SOLID: The Liskov Substitution Principle (LSP)

Subtypes must be substitutable for their base types.

August 12, 2021

Introduction

Robert C. Martin coined the mnomonic acronym SOLID to represent 5 principles of software design. This is the third in my own five-part series exploring my understanding of and experience applying these principles:

  1. [SRP] The Single-Responsibility Principle:
    • "Software entities should have only one reason to change."
  2. [OCP] The Open–Closed Principle:
    • "Software entities should be 'open for extension but closed for modification'."
  3. [LSP] The Liskov Substitution Principle: (you are here)
    • "Subtypes must be substitutable for their base types."
  4. [ISP] The Interface Segregation Principle:
    • "Clients should not be forced to depend on methods they do not use."
  5. [DIP] The Dependency Inversion Principle:
    • "High-level policy should depend upon abstractions, not concretions."

LSP

This principle is mostly concerned with the potential for voliating invariants when using inheritance to define a heirachy. The example below is in Go, which doesn't really have traditional inheritance, but does support a concept called embedding, which is simliar:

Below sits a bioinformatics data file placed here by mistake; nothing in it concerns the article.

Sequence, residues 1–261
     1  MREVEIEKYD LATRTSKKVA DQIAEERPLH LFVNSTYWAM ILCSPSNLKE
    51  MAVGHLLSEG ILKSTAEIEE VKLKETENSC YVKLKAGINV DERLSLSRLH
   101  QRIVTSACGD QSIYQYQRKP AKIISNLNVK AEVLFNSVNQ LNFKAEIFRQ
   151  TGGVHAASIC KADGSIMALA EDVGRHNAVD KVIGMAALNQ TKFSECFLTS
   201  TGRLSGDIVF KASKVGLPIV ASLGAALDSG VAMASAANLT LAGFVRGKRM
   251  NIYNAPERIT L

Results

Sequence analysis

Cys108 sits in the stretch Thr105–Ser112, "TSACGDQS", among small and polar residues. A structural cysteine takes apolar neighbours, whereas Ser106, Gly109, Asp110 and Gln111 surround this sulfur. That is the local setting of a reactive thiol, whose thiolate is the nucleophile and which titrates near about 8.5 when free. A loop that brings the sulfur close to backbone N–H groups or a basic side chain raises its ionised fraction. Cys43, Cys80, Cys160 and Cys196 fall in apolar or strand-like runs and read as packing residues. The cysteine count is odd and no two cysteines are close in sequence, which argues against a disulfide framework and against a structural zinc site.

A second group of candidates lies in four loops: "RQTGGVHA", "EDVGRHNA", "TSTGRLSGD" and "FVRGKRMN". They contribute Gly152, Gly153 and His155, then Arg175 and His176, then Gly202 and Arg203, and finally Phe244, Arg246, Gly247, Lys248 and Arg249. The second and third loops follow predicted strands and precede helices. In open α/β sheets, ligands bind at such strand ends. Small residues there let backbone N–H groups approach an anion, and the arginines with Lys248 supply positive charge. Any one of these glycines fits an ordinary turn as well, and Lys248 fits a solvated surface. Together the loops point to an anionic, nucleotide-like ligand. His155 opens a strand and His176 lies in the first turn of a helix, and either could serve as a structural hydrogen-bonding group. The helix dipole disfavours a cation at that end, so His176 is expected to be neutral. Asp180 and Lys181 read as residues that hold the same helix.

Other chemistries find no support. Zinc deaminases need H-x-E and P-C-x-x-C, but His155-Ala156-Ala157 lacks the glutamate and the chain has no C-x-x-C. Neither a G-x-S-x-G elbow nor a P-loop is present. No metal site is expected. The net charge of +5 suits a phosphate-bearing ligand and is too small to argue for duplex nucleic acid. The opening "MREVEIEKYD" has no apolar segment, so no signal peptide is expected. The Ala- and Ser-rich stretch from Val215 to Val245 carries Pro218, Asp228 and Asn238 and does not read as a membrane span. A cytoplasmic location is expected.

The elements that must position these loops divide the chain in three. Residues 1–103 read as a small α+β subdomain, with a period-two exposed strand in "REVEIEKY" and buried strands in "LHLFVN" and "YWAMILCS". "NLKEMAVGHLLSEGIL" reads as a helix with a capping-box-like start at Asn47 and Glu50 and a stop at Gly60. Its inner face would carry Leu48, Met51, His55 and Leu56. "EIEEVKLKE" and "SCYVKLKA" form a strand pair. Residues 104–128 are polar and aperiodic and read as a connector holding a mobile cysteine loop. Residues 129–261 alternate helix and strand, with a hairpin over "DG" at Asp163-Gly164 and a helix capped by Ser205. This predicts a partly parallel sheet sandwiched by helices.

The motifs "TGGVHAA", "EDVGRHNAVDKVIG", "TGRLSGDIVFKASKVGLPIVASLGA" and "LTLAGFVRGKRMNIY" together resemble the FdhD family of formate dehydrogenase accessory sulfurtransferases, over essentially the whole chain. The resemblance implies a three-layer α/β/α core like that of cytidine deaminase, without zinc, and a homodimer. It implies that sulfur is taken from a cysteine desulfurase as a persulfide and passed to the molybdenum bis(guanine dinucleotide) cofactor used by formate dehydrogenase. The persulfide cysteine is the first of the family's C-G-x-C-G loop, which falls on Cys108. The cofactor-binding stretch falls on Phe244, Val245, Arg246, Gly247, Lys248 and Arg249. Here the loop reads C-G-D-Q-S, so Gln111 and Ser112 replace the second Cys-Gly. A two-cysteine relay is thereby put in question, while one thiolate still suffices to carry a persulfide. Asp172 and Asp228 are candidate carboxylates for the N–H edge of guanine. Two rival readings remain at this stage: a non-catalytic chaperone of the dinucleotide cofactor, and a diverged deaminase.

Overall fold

type Rectangle struct {
	TopLeft Point
	Length  int
	Width   int
}

type Square struct {
	Rectangle
}

In this example, the Square struct embeds the Rectangle. This is probably because the developer who wrote this code was used to thinking of a square being a special case of rectangle, which can often indicate a good candidate for sub-classing and inheritance. 'Under the hood', there's an actual field on the Square of type Rectangle, but you can access the Rectangle fields (and methods, if any are defined) as if they were defined on the Square.

func main() {
	s := Square{
		Rectangle: Rectangle{
			TopLeft: Point{0, 0},
			Length:  4,
			Width:   4,
		},
	}
	fmt.Println(s.Length, s.Width) // Output: 4 4
}

But the embedding of Rectangle to represent a Square is...not good:

func main() {
	s := Square{
		Rectangle: Rectangle{
			TopLeft: Point{0, 0},
			Length:  4,
			Width:   4,
		},
	}
	s.Length = 5
	fmt.Println(s.Length, s.Width) // Output: 5 4
}

Well, that's awkward, a word which here means a violation of LSP.


Next Section: The Interface Segragation Principle